Agencies disconnect wasteful call plans
State was paying for thousands of underused phones
OLYMPIA – And you thought you were paying too much for your cellphone.
The state found ways to save about $1.7 million this biennium by turning in thousands of cellphones that state agencies were using rarely or not at all, and switching thousands more to cheaper plans.
Last November, the state auditor’s office said it studied the use and costs of some 22,000 cellphones that employees of various state agencies had over nearly two years, and the various contracts that covered them. No one is sure exactly how many cellphones the state pays for, but the auditor’s office estimated it studied about 80 percent of them.
Nearly a third were used infrequently, and more than 2,000 weren’t used at all. Of the ones that were used, many were on the wrong plans and could be shifted to cheaper or prepaid plans.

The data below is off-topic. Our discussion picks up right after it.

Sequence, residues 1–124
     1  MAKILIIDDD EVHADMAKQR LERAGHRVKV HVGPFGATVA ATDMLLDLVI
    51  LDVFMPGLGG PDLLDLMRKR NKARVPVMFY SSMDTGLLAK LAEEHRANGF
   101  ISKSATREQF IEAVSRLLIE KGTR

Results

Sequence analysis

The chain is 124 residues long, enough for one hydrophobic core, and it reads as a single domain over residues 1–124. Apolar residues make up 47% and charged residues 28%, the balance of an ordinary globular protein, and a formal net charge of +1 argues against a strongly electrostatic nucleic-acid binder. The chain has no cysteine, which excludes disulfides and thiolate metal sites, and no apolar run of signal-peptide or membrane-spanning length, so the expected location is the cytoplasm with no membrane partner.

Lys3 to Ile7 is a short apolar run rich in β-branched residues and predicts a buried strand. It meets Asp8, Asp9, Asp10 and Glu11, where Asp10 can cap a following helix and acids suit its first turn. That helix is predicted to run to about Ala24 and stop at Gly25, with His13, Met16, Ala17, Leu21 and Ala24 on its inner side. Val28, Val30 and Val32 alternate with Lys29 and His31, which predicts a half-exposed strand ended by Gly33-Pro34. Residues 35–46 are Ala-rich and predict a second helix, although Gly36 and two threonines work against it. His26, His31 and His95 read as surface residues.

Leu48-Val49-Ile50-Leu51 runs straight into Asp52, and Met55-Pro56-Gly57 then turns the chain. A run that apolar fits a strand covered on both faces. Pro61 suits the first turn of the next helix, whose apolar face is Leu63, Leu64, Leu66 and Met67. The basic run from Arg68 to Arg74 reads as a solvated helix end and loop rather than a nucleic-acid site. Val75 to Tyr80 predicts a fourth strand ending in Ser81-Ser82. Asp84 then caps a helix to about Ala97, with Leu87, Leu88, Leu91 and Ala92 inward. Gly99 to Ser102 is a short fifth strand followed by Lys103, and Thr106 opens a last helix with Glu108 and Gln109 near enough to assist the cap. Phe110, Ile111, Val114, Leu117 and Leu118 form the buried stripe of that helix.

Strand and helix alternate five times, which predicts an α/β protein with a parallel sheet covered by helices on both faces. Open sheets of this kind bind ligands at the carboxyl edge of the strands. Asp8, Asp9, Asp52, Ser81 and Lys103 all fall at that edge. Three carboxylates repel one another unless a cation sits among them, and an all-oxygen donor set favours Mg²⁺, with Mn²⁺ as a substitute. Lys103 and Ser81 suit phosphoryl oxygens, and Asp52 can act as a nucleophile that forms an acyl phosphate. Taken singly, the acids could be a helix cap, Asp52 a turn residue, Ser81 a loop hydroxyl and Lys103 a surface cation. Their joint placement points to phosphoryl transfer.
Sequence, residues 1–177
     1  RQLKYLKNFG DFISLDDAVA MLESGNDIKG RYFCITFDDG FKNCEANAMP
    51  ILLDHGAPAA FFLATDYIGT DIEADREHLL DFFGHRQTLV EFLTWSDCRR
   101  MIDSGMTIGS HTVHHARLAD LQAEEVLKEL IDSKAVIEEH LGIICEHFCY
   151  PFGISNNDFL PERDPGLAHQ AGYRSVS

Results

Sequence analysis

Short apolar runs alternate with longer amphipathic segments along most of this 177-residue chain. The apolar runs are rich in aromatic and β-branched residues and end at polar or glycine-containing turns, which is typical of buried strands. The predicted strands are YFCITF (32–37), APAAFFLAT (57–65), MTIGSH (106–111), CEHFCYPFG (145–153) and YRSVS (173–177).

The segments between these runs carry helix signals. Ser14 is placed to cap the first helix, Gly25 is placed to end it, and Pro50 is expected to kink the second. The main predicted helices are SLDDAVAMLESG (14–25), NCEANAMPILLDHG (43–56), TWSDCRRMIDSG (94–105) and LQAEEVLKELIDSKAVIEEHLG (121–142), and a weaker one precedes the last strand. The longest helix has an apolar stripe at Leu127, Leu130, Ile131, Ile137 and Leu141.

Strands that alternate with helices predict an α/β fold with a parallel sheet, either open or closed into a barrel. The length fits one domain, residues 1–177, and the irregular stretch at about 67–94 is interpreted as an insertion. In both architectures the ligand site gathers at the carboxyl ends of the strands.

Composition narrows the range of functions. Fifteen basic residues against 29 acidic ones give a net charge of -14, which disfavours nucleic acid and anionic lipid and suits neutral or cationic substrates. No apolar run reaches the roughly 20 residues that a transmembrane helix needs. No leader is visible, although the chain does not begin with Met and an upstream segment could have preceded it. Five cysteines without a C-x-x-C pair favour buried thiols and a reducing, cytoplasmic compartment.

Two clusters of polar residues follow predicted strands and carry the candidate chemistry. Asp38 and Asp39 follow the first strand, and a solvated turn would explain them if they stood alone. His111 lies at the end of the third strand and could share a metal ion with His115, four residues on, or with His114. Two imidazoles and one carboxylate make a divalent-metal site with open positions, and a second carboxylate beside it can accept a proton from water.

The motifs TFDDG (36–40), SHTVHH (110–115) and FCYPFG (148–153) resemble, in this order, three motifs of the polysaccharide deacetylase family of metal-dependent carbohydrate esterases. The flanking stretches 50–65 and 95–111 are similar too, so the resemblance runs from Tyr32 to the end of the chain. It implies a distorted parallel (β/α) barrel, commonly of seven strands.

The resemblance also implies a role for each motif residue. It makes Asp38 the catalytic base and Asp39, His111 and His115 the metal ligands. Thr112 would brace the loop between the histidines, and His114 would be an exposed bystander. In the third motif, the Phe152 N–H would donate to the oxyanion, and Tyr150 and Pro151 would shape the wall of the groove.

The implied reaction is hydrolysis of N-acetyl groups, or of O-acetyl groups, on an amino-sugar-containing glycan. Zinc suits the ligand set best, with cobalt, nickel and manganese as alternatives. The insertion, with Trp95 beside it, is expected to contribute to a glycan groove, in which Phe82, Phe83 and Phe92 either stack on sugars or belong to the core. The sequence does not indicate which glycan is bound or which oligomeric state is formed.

Gov. Chris Gregoire had ordered managers to review cellphone use in September, while the audit was under way, and they’d recommended getting rid of 1,887 phones even before the report came out. She ordered another search for savings when budget news took a turn for the worse in November, and agencies came up with another 1,563 they could do without. They also found nearly 3,000 phones that could be moved to cheaper plans.
The Department of Social and Health Services gave up 1,113 phones. The Department of Corrections gave up 430 phones and shifted 547 more to cheaper plans. The governor’s office gave up 11 phones.
The auditor’s office discontinued 25 phones it didn’t need, generating a savings of about $25,504. The Associated Press reported late last month that Auditor Brian Sonntag gave up a phone that he’d only used for 10 minutes over 16 months.